Perhaps this is an understandable reaction from family shocked by the sentence?  In terms of the Ched Evans trial you might argue that Sheffield United players and the fans are a sort of “family”.  The initial reaction is part of the shock from the result.  However, unless you regard young men (and some women) as some tight-knit community, the reaction to the conviction on social networking sites has been inexplicable.  Like the couple violently assaulted the young lady sexually assaulted has no culpability.

You have to realise that footballers are not role models.  In the main they are young men who just have a lot more money and attention than their peers.  They are also from a population where education has not been a priority; their every aim has been football rather than effective schooling for life.  A three-year pro contract for a 21-year old is like a lottery win.  Whether it is six balls or five and a bonus depends on whether it is from a Premiership club!

Like young lottery winners crimes by footballers tend to receive greater media attention than other offenders.  With about one in seven young men having a criminal record you might expect, even excluding offences prompted by poverty, that a fair few footballers will be in trouble with the law.  There are myriad reported cases involving drink, public order, violence and sexual assault.  Like the rest of the population there are caring, compassionate and intelligent footballers at clubs but there are always idiots.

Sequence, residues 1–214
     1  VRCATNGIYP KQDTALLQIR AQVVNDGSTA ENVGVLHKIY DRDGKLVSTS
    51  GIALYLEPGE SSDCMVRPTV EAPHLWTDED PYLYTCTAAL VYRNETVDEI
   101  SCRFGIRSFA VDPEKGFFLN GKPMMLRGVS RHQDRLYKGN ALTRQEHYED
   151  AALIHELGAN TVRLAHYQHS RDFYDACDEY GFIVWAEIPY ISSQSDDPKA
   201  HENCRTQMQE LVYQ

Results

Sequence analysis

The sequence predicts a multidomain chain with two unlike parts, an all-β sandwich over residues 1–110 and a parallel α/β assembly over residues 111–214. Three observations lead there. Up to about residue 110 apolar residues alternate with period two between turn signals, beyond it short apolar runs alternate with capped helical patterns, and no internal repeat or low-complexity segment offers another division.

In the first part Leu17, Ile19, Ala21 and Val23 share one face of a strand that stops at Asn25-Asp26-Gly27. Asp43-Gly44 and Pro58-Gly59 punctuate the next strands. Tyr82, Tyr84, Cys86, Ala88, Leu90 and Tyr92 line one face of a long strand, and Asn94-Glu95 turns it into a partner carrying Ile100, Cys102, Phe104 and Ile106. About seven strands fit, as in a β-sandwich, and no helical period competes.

Some of the questionable comments on twitter and Facebook did come from footballers but of course the vast majority were not from the ranks of the soccer professionals.  I do not even think that the majority of those supporting Evans are Sheffield United fans.  Among Blades are many who have condemned their player and accepted the verdict.  What is disturbing is a widespread assumption that the victim, the young lady who was raped, deserves no sympathy and is somehow responsible for the incident.  Some have gone as far as to suggest that by some means this is an attempt to derive personal benefit from having been the victim of the assault.

Those going off on twitter rants or instigating infantile on-line campaigns just show how little they know the legal process and the law concerning rape.  In terms of the sexual offence the British Crime Survey suggests that only one in a hundred of women raped will see their attacker convicted.  This is a figure skewed by the number who having been assaulted, do not report the matter.  That reluctance to report is why work has been done and must continue to be done to support the victims of rape.  The fact that only about 7% of those who do report rape see a conviction is still a self-defeating statistic.  The difficulty getting a conviction is one of the reasons why there has to be anonymity in these cases.

It is entirely proper that the police arrest those who named the victim in this case as a deterrent for the future so as to reassure those coming forward to report rapes are not dissuaded by the thought of becoming a trend on twitter.  Some might make a case for all justice being open in terms of victims or for equal anonymity for alleged perpetrators until convicted but I agree with the law as it is at present.  It does look like that law has been broken by those naming the victim and possibly those abusing her.